Farm Ireland
Independent.ie

Wednesday 7 December 2016

Beef Prices: ‘Winter finishers are not going to feed cattle at a loss’

Published 02/12/2016 | 06:00

The beef kill in 2016 is now estimated to be close to 1.64 million head up as much as 80,000 on 2015.
The beef kill in 2016 is now estimated to be close to 1.64 million head up as much as 80,000 on 2015.

Grass cattle are now gone and winter finishers need a substantial price increase to cover costs and sell cattle out of sheds, according to IFA National Livestock Chairman Angus Woods.

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He said traditional winter finishers are not going to feed cattle at a loss and many are considering putting stock to grass next spring.

He said beef prices are rising but far too slowly, and base prices of €3.70/3.75/kg for steers have been paid this week with €3.80/3.85/kg paid for heifers.

He said these prices need to go a lot further in the lead into Christmas, “The positive change to sterling, moving from 89p back to 85p/€, is worth 20c/kg in returns. Factories are in a position to lift beef prices and farmers selling cattle are demanding more.”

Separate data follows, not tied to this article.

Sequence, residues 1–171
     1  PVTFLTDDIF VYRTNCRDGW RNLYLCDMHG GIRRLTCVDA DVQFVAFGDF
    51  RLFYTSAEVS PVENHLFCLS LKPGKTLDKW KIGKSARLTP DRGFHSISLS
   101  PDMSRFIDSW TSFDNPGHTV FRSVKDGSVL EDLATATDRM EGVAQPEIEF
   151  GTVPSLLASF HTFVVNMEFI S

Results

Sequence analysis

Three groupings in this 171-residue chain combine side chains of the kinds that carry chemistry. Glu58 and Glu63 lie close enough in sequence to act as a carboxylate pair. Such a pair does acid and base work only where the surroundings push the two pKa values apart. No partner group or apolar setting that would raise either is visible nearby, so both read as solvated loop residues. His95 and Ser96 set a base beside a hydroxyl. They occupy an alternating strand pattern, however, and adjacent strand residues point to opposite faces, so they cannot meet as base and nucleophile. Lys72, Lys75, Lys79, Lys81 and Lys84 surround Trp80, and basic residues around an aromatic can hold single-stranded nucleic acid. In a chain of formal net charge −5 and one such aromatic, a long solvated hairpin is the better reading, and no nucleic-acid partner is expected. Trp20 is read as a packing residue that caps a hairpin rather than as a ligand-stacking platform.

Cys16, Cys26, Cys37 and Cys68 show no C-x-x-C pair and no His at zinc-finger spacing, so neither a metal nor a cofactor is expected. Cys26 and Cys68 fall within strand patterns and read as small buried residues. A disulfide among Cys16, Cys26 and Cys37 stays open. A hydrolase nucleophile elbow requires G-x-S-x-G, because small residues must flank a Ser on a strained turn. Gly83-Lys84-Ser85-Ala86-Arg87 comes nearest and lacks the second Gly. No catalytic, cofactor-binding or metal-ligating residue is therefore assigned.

Woods said, “With the forecast for an additional 100,000 head of cattle next year, a strong live export trade is vital for calves, weanlings, stores and finished cattle. Live exports are essential for competition and to support market balance and viable prices, as well as additional market outlets”.

He called on the Department of Agriculture to increase resources and dedicated personnel on market access and to prioritise the live trade. In addition, he said Minister Creed must work to remove the barriers on the live trade to Northern Ireland and Britain.

Angus Woods said a boat taking up to 4,000 weanlings was loaded last week for Turkey and another boat is being loaded this week with store cattle for Libya.

Brexit

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Angus Woods raised Brexit issues for the beef sector directly with the EU Commission and Commissioner Hogan at sessions in Brussels and the European Parliament this week.

At a meeting with MEPs in the European Parliament on Tuesday evening, Angus Woods said the collapse in beef prices blamed on Brexit is a market disturbance, similar to the Russian ban, and justifies direct action by the EU Commission. He called on the Government to mount a strong campaign at national and EU level to the challenge from Brexit.

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